Laying wood flooring

The different types of wood flooring Generally, adhesive is used for fix- lay mosaic panels with adhesive, how are laid in different ways – and this ing thin, pre-fabricated panels on to secret-nail a strip floor and how to may depend on the sub-floor. Most solid floors. Nails are used for fixing lay block flooring. With other types, types can be laid on any sub-floor strips and blocks to timber sub-floors, the procedure is very similar to one or which is smooth, level and dry. The Loose laying is suitable for some types other of these. Loose-laying panels for major difference is whether they are of pre-fabricated panel provided there instance follows substantially the same   method as for laying mosaic laid with adhesive, nailed or loose- is an underlay.    panels laid with no fixing.

The Guide methods detail how to with adhesive.


Laying mosaic panels Mosaic panels are probably the easiest wooden floor to lay, and are suitable for any prepared sub-floor. They are normally laid with adhesive, although some types can be loose laid. It is also possible in some cases to use a heavy-duty double- sided adhesive tape, and this may be the best solution for individual panels which might have to be lifted for access to pipework, say.

Step 1

Before you start to lay the panels, mark up the floor with two square lines to the centre as for cork or vinyl tiles. If you’re laying the tiles diagonally across the room these will have to go from corner to corner. Leave an expansion gap of 1 2m all around the room to allow for movement, and dry-lay a run of tiles first to check the fit.

Work outwards from the centre in all direction – leaving panels around the edges which will need trimming until last. If you are gluing the panels down, use the adhesive recommended by the manufacturer — usually a bitumen-based type. Spread it evenly over a small area at atime – slightly over-lapping the panel size – and bed the panel firmly. With loose-lay panels, fit the tongued and grooved edges together.

Step 2

At the edges, overlay the panels to mark them for cutting, as for vinyl tiles but remember to leave the expansion gap On felt-backed panels, cuts which coincide with the gaps between the strips of wood which make the mosaic can be cut with a knife. Otherwise, use a tenon saw.

Lay the edge panels all round. Fill the expansion gap with a cork strip. Or cover itwith a moulding pinned to the skirting board.

Laying laminated panels and boards These are laid in much the same way as mosaic panels. In most types, the edges have interlocking lugs or tongues and grooves. Some can be loose-laid over an underlay, others may be glued and secret-nailed in position – check the manufacturers instructions. Larger laminated boards simulate strip flooring. They are usually secret nailed to a wood sub-floor, or glued to a solid one.


Laying strip flooring Asall strip flooring is relatively narrow the cutting should be minimal, and marking Out is limited to establishing a square line for cutting the ends— use a try square.

Although there is no reason why wood strip should not be laid diagonally in a room, itwill look best if it is laid at right angles to the walls and it helpsto disguise any imperfections of level if the strips are at right angles to the main source of window light.

On a timber sub- floor the thin type of strips should be laid at anangle— usually 90′ or 45’— across the existing floorboards. Use a mallet or a hammer and piece of scrapwood to knock the pieces together and secret-nail through the tongue. Bitumen adhesive can be used as well, and may help to cut down squeaks. On a concrete floor bed the strips on suitable adhesive. The more substantial strip flooring can be laid directly over floor joists orovera concrete floor on 50mm by 50mm battens set into a 50mm sand and cement screed at 400mm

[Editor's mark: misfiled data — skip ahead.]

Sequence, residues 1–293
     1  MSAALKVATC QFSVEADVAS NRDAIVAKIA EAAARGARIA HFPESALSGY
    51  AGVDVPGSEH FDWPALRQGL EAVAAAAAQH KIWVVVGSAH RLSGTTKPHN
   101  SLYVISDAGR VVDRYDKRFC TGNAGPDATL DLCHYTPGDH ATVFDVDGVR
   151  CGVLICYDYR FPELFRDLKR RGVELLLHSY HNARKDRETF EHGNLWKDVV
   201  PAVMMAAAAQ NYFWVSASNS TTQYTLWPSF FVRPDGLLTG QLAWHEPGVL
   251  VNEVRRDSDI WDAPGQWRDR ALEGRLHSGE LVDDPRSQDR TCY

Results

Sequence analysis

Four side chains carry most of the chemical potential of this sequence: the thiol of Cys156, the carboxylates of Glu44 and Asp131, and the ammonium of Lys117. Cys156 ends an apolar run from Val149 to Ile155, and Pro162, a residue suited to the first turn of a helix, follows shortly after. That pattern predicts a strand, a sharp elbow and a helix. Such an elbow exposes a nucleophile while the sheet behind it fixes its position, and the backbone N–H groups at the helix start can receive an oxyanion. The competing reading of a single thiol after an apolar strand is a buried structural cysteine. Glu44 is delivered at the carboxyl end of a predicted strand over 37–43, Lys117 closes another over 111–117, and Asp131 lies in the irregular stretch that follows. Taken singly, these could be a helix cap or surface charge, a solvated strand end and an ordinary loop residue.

centres (spaces of 450mm). If you are laying a new concrete floor, you can use a 1 2mm levelling screed and 50mm by 25mm battens nailed over it.

Whether it is laid over joists or embedded battens, fix the strips at right angles to the timbers by secret nailing. The alternative is to nail through the faces,punching the nails beneath the surface and filling the holes. If the strips are end-matched the joints may be made anywhere between the joists, but should be staggered. With squareended strips, the joints must be over a supporting nogging to which both strips are nailed.

Strip floors can also be laid asa sprung floor. In which case, special cushion pads are laid between the loists and the strips

Laying block flooring Individual wood blocks are tongued and grooved, and can be laid on a solid floorwith a bitumen adhesive, or secret- nailed to a timber sub-floor,

They are probably the most difficult form of flooring to lay. Unlike mosaic panels, which are laid in a square grid, orstrip flooring which is laid in straightlines, blocks are laid individually to form a parquet pattern. There area number of different arrangements, and the blocks may be machined to interlock only in a particular way.

Even the simplest pattern will require a lot of cutting at the edges. As the blocks are thick, this can involve a great deal of work—especially for diagonalinterlocking patterns like the herringbone. To simplify laying, most patterns leave a border one or two blocks wide, running round the room The border incorporates the 1 2mm expansion gap

The main pattern is based on guide lines starting atthe centre of the room —these may be square or diagonal dependingon the pattern. Each block is knocked into place against its neighbours, with the last blocks cut before fitting.


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